Educational institutions have been predicated on knowledge production and reproduction in a way that has been exclusive, and in many ways destructive to Indigenous peoples. Okanagan College respectfully recognizes that our Indigenization planning process is primarily a summary of thoughts and perspectives to date. Ultimately, it is intended to be a starting place for further dialogue and engagement as we expand and elaborate. We anticipate that as our knowledge and understanding grows as an institution, so too will relationships between indigenous and non-indigenous faculty, staff, students, and community members. In short, Okanagan College can be a site where Indigenous knowledge, languages and cultures are respected, alive and dynamic.
Join the journey
Okanagan College welcomes your transformative energy on this Indigenization journey. If you would like to have a facilitated planning workshop, or if you have thoughts, ideas, questions, concerns or recommendations, please complete the form below.
Protocol around land acknowledgement, Elder visits and welcome ceremonies
Wondering what the best practices are for land acknowledgements, event welcome ceremonies and Elder visits? Check out these guidelines and protocols as you incorporate Indigenous culture into your classroom and campus setting.
As a part of Okanagan College’s commitment to enhancing the participation of Indigenous learners, the College provides culturally relevant support services at each of the four campuses.
Indigenous convocation stoles
As part of the Indigenous OC initiative, Okanagan College is gifting Indigenous graduates with commemorative convocation stoles designed with pictographs from both the Syilx Okanagan and Secwepemc nations.
Indigenous Services collaborated with local Syilx Okanagan and Secwepemc Knowledge Keeper and Artist Les Louis to create beautiful Indigenous-designed stoles. With family lineage to both Lower Similkameen and Bonaparte Indian Bands, Louis says, “My creativity stems from many influences, but none so important as my culture, language, traditions and mother nature.” Respectively, these stoles were created with local Syilx Okanagan and Secwepemc designs, including pictographs of a canoe family and three eagles.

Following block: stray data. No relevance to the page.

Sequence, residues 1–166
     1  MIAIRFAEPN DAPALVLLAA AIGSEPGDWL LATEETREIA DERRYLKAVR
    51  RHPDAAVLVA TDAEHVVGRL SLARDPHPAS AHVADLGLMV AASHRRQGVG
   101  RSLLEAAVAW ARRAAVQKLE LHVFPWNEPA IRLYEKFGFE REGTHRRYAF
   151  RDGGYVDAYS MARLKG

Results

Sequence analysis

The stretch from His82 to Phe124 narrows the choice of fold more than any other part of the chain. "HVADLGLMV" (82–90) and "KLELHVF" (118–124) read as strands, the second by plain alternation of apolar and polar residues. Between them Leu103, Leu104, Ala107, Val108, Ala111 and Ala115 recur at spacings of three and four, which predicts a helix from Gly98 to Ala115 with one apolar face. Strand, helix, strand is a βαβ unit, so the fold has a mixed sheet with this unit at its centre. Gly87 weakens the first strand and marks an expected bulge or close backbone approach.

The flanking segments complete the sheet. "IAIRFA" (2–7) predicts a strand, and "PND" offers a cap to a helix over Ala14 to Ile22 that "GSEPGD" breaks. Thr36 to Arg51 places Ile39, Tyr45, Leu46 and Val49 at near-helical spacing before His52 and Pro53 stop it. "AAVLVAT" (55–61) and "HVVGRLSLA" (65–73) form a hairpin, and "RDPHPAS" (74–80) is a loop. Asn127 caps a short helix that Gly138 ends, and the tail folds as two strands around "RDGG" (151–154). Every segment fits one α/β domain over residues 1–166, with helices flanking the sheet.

The three people in the canoe are symbolic of the three Okanagan College campuses that exist on the traditional and unceded territory of the Syilx Okanagan people. These three campuses, Penticton, Kelowna and Vernon, are connected by Okanagan Lake. The canoe family illustrates the collaboration and connection of faculty, staff and students at all campuses, paddling together on an educational journey. The three eagles are a Secwepemc design, representative of the Salmon Arm campus residing on the traditional and unceded territory of the Secwepemc nation. The three eagles carry a special significance as eagles, and their feathers, are honoured and revered with the utmost respect. Eagles are also considered messengers, bridging a sacred and spiritual connection to the Creator.
For all Okanagan College convocation ceremonies, students and employees with Indigenous ancestry may choose to wear their traditional Indigenous regalia, in lieu of a gown and hood. Traditional regalia refers to the traditional and sacred clothing, accessories and pieces worn or carried by Indigenous peoples during various ceremonies, such as powwows, celebrations and pan-national gatherings. As regalia are personal and sacred outfits, it is appropriate to approach and inquire, however, please refrain from touching without consent.
Learn how you, as a student, can take part in Indigenization at Okanagan College.
Review tools and info available for instructors and staff to support Indigenization.
OC invites the community to join and contribute to our Indigenization journey.